We then assayed mitochondrial acetate oxidation in TSC2-deficient cells upon treatment with rapamycin, revealing an increase in this bioenergetic process by mTORC1 inhibition (Supplementary Fig. S6D). Interestingly, we have previously shown that rapamycin leads to a decrease in glucose oxidation in TSC2-deficient cells (32), suggesting a switch in preferential mitochondrial oxidation substrate by these cells upon rapamycin-induced cytostasis.
Taken together, these data substantiate the hypothesis that rapamycin-insensitive uptake of fluoroacetate by TSC tumors reflects a specific metabolic feature of TSC2 deficiency.
This preclinical study was undertaken to assess feasibility of [18F]FCH and [18F]FACE as TSC and LAM imaging agents. Both tracers have been shown to be safe in humans and to accumulate in cancer cells allowing PET imaging of prostate cancer metastases in patients (36–38).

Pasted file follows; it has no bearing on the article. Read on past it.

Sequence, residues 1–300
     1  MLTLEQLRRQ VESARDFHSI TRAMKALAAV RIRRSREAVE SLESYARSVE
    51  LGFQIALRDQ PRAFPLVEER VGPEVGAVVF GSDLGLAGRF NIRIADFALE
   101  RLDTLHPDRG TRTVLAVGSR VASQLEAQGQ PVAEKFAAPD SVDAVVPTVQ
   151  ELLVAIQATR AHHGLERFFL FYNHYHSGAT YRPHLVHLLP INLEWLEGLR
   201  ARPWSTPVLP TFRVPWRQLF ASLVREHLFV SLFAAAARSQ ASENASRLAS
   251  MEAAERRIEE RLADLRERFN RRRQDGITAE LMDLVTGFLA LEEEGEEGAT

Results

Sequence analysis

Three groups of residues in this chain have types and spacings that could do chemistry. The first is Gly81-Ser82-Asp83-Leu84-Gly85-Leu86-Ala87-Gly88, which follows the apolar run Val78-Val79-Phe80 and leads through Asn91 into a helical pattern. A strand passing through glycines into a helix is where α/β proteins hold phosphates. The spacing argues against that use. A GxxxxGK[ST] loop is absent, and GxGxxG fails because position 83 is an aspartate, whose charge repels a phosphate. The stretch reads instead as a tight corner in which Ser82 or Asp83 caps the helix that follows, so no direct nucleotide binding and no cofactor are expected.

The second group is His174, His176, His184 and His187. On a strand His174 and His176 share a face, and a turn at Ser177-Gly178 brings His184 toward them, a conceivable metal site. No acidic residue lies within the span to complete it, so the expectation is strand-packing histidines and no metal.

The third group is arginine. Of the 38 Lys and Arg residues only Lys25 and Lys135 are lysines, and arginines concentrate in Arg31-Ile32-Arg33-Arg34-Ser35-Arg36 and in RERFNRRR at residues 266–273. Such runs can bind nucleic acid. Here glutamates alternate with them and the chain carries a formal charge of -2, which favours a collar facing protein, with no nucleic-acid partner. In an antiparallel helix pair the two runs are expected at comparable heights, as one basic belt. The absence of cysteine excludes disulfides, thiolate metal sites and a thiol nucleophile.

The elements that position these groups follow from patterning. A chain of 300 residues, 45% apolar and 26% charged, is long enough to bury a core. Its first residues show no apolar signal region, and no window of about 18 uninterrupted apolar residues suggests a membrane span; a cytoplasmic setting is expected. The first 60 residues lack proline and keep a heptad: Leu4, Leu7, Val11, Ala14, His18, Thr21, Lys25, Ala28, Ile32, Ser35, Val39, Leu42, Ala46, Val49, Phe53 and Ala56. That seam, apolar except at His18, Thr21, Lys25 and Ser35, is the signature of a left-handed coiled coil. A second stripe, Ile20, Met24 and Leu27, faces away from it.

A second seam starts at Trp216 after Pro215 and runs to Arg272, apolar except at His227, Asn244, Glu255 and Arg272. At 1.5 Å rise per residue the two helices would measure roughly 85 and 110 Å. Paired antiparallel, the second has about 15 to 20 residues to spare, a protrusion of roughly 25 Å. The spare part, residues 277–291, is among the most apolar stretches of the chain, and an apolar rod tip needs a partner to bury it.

We previously found that TSC2-deficient cells have enhanced incorporation of choline into phosphatidylcholine (Kennedy pathway) compared with TSC2-expressing cells (9). Here, we show that TSC2-deficient cells exhibit rapid uptake of [18F]FCH in vivo and can be visualized by PET imaging in preclinical models of TSC and LAM, including subcutaneous xenografts and pulmonary nodules. Importantly, 72-hour treatment with rapamycin suppressed [18F]FCH uptake by approximately 50% in subcutaneous tumors, and [18F]FCH uptake was independent of tumor volume and proliferation rate. We aimed to obtain close to full abrogation of mTORC1 signal in the TSC2-deficient tumors (assessed by IHC for P-S6 as a surrogate of mTORC1 signaling) to evaluate efficiency of rapamycin treatment in regulating choline uptake signal. These results suggest a role for rapamycin-sensitive signaling pathways in the regulation of choline uptake and metabolism in TSC2-deficient cells. Similar results would be expected in other models of TSC loss-associated mTORC1 hyperactivation, such as TSC1 deficiency.